How French is like golf, to me

I pray your indulgence as I attempt to articulate my present stage in learning French.

I came to Luxembourg with a dim memory of taking advanced French in high-school, and a few hours of practice during trips to Paris and Nice. It wasn’t long before I was reading signs and speaking easily with shopkeepers. (Lest I forget: There were a few incidents where I asked Anita to ask a question in English due to my fear of stumbling through a conversation in French.)

Now, when I want to express myself in French, I can find most of the words I need without effort. I don’t compose a sentence in English in my mind and then translate it into French. Occasionally, I struggle to find the word I want, especially for abstract ideas. According to most metrics, I’m an independent speaker (with working proficiency, i.e. probably B1 per CEFR).

And I’m not counting unusual or technical terms, even ones that French children would know. For example, I recently went looking to buy a coat-stand. So, I looked up the word before I set out. As it turned out, the stores don’t use the term I learned: they were labeled portemanteau rather than cintre. (Fans of English etymology should find that pretty funny.)

I don’t know the precise words for animals, types of trucks, or other things that a young child would probably learn from picture-books.

Here’s the challenge at hand: I make grammatical errors frequently. When I want to speak French well, it feels like there are dozens of rules to keep straight. Those rules seem like obstacles to expressing myself.

Here’s where golf comes in. In terms of how it feels, it is very close to the way that I feel when I stand before a golf ball when playing with in a foursome much better than myself. I need to do so many things right — and remind myself to do them right — in order to hit the ball well.

  • keep your wrists straight
  • swing smoothly
  • don’t reach with your hands
  • don’t lift your head
  • and so on

And when I swing, I fail to do one or two of those things. That’s the nature of the game.

Right now, speaking French feels like swinging a golf club. In each sentence (of some complexity), there are so many little rules (and exceptions) that may or may not apply. I know those rules and exceptions pretty well. When writing French (slowly), I can apply them with few errors.

But when I’m just trying to tell a story, those rules are like good advice for my golf swing: they don’t come all together and I make a mistake. A mistake that, strictly speaking, I “know better” than to make.

There are several techniques for getting over this hump in learning French. It won’t be easy.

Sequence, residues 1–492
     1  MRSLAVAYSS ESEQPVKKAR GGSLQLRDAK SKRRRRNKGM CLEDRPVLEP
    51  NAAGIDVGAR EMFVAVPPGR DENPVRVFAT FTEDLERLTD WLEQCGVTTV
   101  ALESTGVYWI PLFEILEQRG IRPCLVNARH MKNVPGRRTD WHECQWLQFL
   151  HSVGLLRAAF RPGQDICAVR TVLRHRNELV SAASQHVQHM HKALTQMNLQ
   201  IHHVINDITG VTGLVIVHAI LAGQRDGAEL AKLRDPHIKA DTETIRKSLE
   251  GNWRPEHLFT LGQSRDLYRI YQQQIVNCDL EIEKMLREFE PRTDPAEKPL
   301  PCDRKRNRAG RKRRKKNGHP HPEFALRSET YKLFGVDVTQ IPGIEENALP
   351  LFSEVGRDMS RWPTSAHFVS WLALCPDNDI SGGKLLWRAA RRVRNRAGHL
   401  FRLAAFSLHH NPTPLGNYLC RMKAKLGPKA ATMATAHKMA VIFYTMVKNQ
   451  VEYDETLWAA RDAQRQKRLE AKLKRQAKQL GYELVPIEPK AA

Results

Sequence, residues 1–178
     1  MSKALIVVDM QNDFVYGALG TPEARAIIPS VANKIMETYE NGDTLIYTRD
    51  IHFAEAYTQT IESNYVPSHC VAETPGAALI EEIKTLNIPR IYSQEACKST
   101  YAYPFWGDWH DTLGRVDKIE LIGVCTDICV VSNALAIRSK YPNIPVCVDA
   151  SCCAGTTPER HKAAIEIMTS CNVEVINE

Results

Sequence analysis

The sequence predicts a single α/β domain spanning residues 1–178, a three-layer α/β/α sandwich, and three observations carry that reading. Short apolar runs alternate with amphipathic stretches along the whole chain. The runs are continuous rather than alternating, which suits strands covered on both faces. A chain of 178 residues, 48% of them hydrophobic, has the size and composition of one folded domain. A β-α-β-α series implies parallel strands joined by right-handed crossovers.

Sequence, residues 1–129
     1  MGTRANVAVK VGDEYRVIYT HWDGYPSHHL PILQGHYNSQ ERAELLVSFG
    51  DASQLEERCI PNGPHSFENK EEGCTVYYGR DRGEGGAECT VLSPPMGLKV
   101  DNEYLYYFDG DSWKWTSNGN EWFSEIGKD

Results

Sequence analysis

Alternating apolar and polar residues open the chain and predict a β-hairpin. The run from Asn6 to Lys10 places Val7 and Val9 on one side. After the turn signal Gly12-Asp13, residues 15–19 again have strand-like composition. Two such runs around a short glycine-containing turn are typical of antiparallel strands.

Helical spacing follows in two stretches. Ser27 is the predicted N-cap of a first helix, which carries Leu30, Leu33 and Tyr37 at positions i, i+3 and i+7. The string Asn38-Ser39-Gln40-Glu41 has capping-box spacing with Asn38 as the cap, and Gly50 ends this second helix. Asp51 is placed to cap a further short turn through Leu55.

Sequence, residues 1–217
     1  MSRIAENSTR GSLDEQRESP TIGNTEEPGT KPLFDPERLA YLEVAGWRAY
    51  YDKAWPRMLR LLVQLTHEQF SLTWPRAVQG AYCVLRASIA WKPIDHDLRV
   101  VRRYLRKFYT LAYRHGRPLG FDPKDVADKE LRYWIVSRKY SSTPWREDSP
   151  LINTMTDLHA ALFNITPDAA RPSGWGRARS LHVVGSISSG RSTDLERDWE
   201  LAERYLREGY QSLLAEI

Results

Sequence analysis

What’s tempting is to adopt my attitude to golf. Years ago, I decided that I didn’t want to spend the time and money to become a golf enthusiast. I could see the pleasure in swinging the club well more frequently, but I could also see how much effort it would take to get to that point.

So I stopped at a different level: the point at which I could strike the ball — with irons but not woods — well enough to keep from being an annoying companion to better golfers.

In general, I hit the ball straight, so there’s rarely a need to search for my ball in the rough. In general, I hit the ball a distance which is unimpressive but not pitiful. (Well, nearly pitiful, given my frame.) As long as I don’t touch my woods, I don’t get too frustrated. (With the usual exception of one or two nightmarish holes per eighteen — I am human, after all.)

I feel like I am at the analogous point in my knowledge of French at this point. I can tell a story in French, and get the point across. I commit many grammatical errors that make me sound a bit stupid. Occasionally, I make errors that render a sentence unclear to the listener. My interlocutor needs to speak slowly for me. I ask for clarification from time to time, when a fluent person would not need to.

It’s tempting to declare victory and quit the field. I don’t think I will, because this is a great opportunity since, unlike golf, I have the time and resources to do it right. But it is tempting to move on to something new — something fascinating and probably easier.

3 Comments to “How French is like golf, to me”

  1. Dave said...
    29 January 2010

    Don’t quit! You can do it! Plus, if you learn to speak french well, think of how that may help you if you’re ever chosen for the Amazing Race.

  2. Asif Islam said...
    1 February 2010

    Mr Bakker I used to love your anti-British stuff. When are we getting some more?

  3. Doug said...
    1 February 2010

    I believe you have time and resources for golf now too! Just knock that one out too – heck play with frenchmen on the golf course and get the benefit of both.